Last Updated: Friday - 09/24/2010
Week of September 4, 2006
Archangel left his mark on Bishop Aubert
And pilgrims can see the indentation on this precious relic
St Aubert – September 10
- WCR photo by Ted Fitzgerald
This painting shows Archangel Michael admonishing Bishop Aubert about delays in the chapel construction at Mont-Saint-Michel
By TED FITZGERALD
Special to the WCR
Those seeking the world of Aubert, eighth century bishop, will find it on the shores of Northern France's Mont-Saint-Michel bay.
Here, in an attractive, pleasant hilltop town in Normandy's Manche Department, his name is perpetuated in the combined Paroisse Saint-Aubert d'Avranches and his life is remembered in its principal church, Eglise Saint-Gervais-Saint-Protais.
The story is told, at the nearby world famous pilgrimage site of Mont-Saint-Michel, of how Bishop Aubert was directed to dedicate the massive hill to the Archangel Michael. It seems that the bishop spent time on the island of remote, rocky Rocher de la Tombe, a place frequented by hermits, noted for its serenity and already a respected, sacred place.
Here, in this inhospitable site, Aubert experienced three dreamlike visits from the Archangel Michael who suggested that a chapel, dedicated to this leader of the celestial armies, should be built on Mont Tombe.
When the good cleric complained that it was difficult getting the wherewithal and labour for such a project, the angel berated him, insisted that the venture begin and, for emphasis, jabbed Aubert in the head with an imperious forefinger.
This activated the good bishop and soon on Oct. 16, 708 a chapel was dedicated to St. Michael. In the interim, Aubert had also caused a fresh water spring to appear miraculously on the arid rock.
Fresh water spring
The spring is still there as are the foundations of his first oratory on the renamed famous Mont-Saint-Michel. The bishop arranged for clergy to staff the new church and was later buried there.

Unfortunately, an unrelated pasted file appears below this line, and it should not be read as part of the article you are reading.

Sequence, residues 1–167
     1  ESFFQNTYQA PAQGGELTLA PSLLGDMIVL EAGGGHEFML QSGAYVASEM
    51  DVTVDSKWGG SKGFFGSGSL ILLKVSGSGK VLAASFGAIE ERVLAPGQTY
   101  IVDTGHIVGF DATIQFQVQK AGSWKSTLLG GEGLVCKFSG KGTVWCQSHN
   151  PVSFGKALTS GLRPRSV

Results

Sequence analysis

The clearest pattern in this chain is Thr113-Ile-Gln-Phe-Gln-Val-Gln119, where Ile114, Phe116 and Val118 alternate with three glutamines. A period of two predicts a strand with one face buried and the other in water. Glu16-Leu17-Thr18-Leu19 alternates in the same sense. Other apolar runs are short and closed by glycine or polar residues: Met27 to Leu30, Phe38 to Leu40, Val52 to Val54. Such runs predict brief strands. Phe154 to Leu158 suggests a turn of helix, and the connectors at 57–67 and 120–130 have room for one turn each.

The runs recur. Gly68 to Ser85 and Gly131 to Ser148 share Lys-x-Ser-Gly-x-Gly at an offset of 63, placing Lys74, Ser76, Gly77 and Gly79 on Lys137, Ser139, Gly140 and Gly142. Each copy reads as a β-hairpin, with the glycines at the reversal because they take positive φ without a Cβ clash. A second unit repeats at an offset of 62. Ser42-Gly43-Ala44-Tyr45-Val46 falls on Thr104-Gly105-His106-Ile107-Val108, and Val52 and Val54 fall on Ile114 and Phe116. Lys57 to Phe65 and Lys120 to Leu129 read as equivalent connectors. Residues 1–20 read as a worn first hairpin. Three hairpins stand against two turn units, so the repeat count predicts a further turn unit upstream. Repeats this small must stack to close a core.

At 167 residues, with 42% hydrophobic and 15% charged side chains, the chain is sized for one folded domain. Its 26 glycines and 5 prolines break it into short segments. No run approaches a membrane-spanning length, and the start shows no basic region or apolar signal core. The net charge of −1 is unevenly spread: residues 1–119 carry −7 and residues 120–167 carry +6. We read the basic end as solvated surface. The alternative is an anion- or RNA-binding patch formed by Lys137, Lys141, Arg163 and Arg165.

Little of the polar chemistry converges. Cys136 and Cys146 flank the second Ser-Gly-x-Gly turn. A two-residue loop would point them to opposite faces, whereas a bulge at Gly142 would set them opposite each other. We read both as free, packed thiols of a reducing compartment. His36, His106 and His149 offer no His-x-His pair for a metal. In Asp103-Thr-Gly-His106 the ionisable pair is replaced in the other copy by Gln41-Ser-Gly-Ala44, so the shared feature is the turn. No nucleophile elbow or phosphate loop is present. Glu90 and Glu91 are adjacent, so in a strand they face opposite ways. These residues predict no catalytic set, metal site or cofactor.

Today, Aubert's legacy in Avranches takes the form of the great church centered in the town on its plateau overlooking La S‚e River.
Although the 19th century Basilique-Saint-Gervais-Saint Protais is named for two early Christian martyrs, its accepted patron is Aubert whose name is attached to a merged parish of several area churches, now a part of the Coutances Diocese.
Hanging above the treasury door in the church is a dramatic painting of Michael remonstrating with a surprised, Scripture-reading Aubert about the pace of construction of the angel's sanctuary on Mont Tombe. Armed and armoured, both the angel's index fingers point compellingly by way of accenting his request.
Elsewhere in the church, the theme of St. Michael is continued with several old statues of the archangel in his traditional pose, spearing a dragon (the devil) at his feet.
Naturally enough, the real treasures of the basilica are sequestered in the tresor, a room off the nave that unfortunately is open to the public only in the mid-summer tourist season. Here is contained the principal relic and the main object of attention and veneration for pilgrims seeking the story of Saint-Aubert.
It is the holy bishop's skull, carefully preserved for all these years and unique in bearing the hole imprinted in the bone by the finger of an increasingly impatient archangel.
Near Saint-Gervais Church, a popular historic site of much later vintage is at La Plate-Forme, the valley edge location of the early Cathedral of Saint-Andr‚. Here, in Square T. Becket, a plaque identifies the ancient paving stones that fronted the long-gone church and were the setting for an act of public penance by English King Henry II in atonement for his slaying of the popular, sainted Thomas Becket at Canterbury Cathedral in 1170.
From here too, the unmistakeable pyramidal profile of Mont-Saint-Michel can be seen, 19 km to the southwest, seeming to float mirage-like in the waters of its great bay, an eternal reminder of the originator of the famous shrine, sainted Avranche Bishop Aubert.